This year for Birmingham Restaurant Week, I'm honored to be blogging about just a few of the many restaurants around town using produce and ingredients from local farmers through the Urban Food Project. If you don't already know about the UFP (or haven't seen their awesome "Eat the Ham" t-shirts), they're a part of REV Birmingham that's working to provide access to healthy food in undeserved areas as well as helping connect local farmers to those stores to sell their produce and area restaurants who proudly include the ingredients on their menus.
For my first meal of #BRW2017 I stopped in at the fabulous Pizitz Food Hall for a visit to it's newest tenant in the Reveal Kitchen space, Bitty's Living Kitchen. One of REV's CO-Starters graduates, Chef Kim Brock was born to cook. I had a chance to chat with her during a relative downtime during the wild time that is Restaurant Week and her opening weekend, but she seems to be handling the chaos with grace ... especially considering the hugely favorable response she's already getting for her fresh, healthy salads, soups, juices, and snacks. The name Bitty comes from her father, who consoled her older sister when Kim came home from the hospital that she was still his chick, just not his "little bitty chick." The nickname stuck, though Kim admits her father is really the only person who still really uses it. Kim's sister is also semi-responsible for her passionate relationship with cooking. One Saturday morning she tried to cook Kim eggs, but they were so terrible that Kim, at 4, taught herself how to cook them. She's been searching out the best flavors and recipes since then.
After training at a culinary school in Colorado, Kim returned to Alabama to help take care of her family, but she couldn't shake her love of cooking. She spent some time in kitchens around town, like at The Club, but it was her introduction to a nutrition for health program that helped her find her niche. Kim is a certified nutrition counselor, so her food is vibrant, healthy, and flavorful. She believes more in using local ingredients, like through the UFP, than just strictly organic, which can come from anywhere. Her love of interesting flavors keeps her searching for the next seasonal ingredient to make her own. She even stocks seasonal fruit -- like Witt Farms cucumbers and peaches -- for grab-and-go snacks.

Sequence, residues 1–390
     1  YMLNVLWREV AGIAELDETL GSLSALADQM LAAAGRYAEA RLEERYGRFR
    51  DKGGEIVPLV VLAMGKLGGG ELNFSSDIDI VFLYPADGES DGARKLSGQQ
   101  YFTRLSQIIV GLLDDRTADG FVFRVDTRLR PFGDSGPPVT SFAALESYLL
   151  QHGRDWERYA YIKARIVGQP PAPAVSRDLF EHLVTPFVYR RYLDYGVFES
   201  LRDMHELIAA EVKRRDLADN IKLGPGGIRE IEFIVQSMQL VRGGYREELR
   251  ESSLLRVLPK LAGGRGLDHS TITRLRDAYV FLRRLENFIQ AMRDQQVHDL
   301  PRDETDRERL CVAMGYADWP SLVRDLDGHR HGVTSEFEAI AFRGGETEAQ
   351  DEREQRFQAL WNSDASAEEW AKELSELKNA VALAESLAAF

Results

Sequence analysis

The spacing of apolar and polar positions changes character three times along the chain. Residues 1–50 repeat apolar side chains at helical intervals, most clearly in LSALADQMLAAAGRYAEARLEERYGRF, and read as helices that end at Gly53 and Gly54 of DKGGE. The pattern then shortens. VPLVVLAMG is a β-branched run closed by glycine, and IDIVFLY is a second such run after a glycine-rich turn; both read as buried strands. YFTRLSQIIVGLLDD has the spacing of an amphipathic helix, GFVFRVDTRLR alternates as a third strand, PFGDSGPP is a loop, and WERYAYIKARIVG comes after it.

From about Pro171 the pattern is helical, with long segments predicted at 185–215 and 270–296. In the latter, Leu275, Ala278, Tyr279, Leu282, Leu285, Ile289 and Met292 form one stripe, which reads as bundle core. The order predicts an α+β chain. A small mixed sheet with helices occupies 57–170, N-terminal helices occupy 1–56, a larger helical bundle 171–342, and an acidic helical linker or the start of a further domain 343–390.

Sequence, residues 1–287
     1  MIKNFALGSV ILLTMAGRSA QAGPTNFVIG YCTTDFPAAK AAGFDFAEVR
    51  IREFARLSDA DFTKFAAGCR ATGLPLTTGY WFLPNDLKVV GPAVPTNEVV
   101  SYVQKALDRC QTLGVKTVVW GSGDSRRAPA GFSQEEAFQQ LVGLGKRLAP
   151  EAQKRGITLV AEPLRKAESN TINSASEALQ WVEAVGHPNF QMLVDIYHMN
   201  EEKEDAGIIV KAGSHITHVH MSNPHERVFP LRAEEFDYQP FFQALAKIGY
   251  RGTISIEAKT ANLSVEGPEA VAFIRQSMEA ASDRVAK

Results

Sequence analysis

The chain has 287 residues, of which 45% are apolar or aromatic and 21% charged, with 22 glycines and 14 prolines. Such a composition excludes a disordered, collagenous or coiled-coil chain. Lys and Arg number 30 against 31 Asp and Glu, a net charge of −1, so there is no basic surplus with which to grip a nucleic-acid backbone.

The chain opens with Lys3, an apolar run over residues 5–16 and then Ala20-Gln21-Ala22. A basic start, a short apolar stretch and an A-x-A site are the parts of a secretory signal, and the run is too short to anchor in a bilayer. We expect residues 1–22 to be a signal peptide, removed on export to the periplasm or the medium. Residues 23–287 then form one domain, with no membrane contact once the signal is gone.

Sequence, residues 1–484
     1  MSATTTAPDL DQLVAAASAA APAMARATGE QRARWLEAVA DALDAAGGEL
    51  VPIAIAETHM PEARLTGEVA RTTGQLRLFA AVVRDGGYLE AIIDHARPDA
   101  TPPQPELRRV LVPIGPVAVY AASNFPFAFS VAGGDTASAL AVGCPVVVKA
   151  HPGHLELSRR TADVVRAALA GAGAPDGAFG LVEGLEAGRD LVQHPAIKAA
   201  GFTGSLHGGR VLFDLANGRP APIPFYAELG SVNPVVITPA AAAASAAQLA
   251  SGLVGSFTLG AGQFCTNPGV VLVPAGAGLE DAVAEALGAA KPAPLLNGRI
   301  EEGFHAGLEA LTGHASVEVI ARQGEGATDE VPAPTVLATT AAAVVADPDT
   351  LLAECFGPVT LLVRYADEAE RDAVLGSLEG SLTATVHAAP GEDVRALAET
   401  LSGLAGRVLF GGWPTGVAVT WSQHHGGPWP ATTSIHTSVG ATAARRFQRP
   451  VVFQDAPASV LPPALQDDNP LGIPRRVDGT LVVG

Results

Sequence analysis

For her BRW menu, you get your choice of 1 of 3 Bliss Bowls, a "Summer" with greens, chicken, fruit, and nuts; a "Johnny Roquette" with greens, local bacon from Fudge Family Farms and tomatoes, corn, and avocado; or a "Grecian" (which I had) with local romaine from Gratitude Farms, Hamm Farm Grape Tomatoes, chicken, olives, and a white balsamic vinaigrette. Plus, you get your choice of a Mushroom "Teff" -- a delicious ancient grain bread topped with parmesan, herbs, and sauteed mushrooms or "Chicken and Veg Soup for the Soul. My Grecian Salad bowl was perfectly satisfying, a wonderful mix of crisp lettuce, juicy tomatoes, salty olives, tender chicken, and more. But the Mushroom Teff probably stole my heart. The ancient grain bread had a nutty sweetness and hearty texture that blended perfectly with the soft, savory mushrooms and cheese and herbs. There's no such thing as carb counting with this bread.
I'm glad Bitty's Living Kitchen is going to stick around for a while at this space in the food hall, because there's plenty to try, plenty of choices to feel good about, and lots of local goodness to soak up.
About the Farmer
Father Kent McCaffrey from Gratitude Farms in Hanceville, AL, started his farm as a way to return to a simpler, agrarian lifestyle while spending time with his family. The Russian Orthodox Priest grows five types of hydroponic lettuce with his children, year-round, in a hand-build greenhouse. The McCaffrey's take care in the growing, handling, and packing of these artisnal lettuces -- known for their sweet and floral taste. Because the lettuces are picked with the root intact, they keep longer in cold storage, reduce waste, and preserve a fresher flavor and texture than traditional lettuces. A love of the earth and family are what keeps this operation motivated, and though the current operation is already quite large, continuing to grow the business through the children -- who share Father Kent's passion -- will mean we can hope for continued and expanded access to this quality produce for years to come.
As far as the farmer component goes,